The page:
A few times I have been asked about setting up a faster, more immediate communications channel for my readers. For instance, with Discord, you can set up your own channel, which they refer to as a “server”, whereas Telegram makes it possible to set up private chat groups, not unlike private groups in Facebook, but using that platform for discussing non-mainstream ideas would be ludicrous.
There are a few reasons why I do not support this idea, and they broadly fall into two camps: technological issues as well as sociological ones. First, whenever you set up a channel or a chat group on a third-party service, you do not own it. It can be shut down at a moment’s notice and for any made-up reason or no reason at all. What is worse, those platforms may block your account and IP, which means that if you, for instance, use Discord to chat about your favorite video games but also exchange news about people getting Bell’s palsy instead of a heart attack, obviously without any connection at all to the vaxx, such as Australian MP Victor Dominello recently, your account would be at risk. I certainly would not want to be responsible for any of the gamers of you being unable to comment on the hyper-masculine features of the Amazon in the Diablo II remake or the impossibility of creating a feminine-looking female in Baldur’s Gate III just because you notice things, share them in a private Discord channel, and get ban-hammered because the ADL pushed Discord to enact draconian censorship on their platform. I know, I know, this is really far-fetched and has never happened before.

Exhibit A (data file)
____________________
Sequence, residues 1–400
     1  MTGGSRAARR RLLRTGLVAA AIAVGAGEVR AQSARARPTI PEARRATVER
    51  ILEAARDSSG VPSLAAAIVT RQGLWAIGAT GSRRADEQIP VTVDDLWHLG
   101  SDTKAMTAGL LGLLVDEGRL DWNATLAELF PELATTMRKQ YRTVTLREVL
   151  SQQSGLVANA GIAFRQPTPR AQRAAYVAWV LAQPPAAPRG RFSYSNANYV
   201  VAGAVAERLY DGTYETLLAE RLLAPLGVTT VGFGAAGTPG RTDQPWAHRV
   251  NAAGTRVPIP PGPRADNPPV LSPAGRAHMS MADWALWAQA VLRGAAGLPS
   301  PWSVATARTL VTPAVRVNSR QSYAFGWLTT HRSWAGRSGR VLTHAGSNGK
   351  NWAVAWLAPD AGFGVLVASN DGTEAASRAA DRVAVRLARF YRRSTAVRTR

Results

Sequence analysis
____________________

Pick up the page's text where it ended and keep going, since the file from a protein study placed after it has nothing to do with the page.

Another reason is that I do not enjoy the fast-paced nature of chat services. Messages tend to be very brief, and it quickly gets very difficult to follow a conversation. At an extreme, look at the chat window of not even a particularly busy Twitch stream. As soon as you have three or four people typing something, chaos ensues. In contrast, I prefer longer and more thought-out responses. It is very unfortunate that Google and other Big Tech companies buried forums as those would be very well-suited to this purpose. Avatars also made people easily identifiable. In contrast, the entirely coincidental de-emphasis of user names on sites like Reddit destroys the sense of a community completely. Instead, you are simply shouting into the crowd.
Lastly, there is the issue of public access. This blog is publicly available. You can easily navigate the archive or search through discussions. Also, the Open Thread is, in my view, a pretty good substitute for the old forum. With a Discord server or a Telegram channel, I would not only divert attention from this blog, I would also shut out all the lurkers who are happy to read my blog but do not actively comment.
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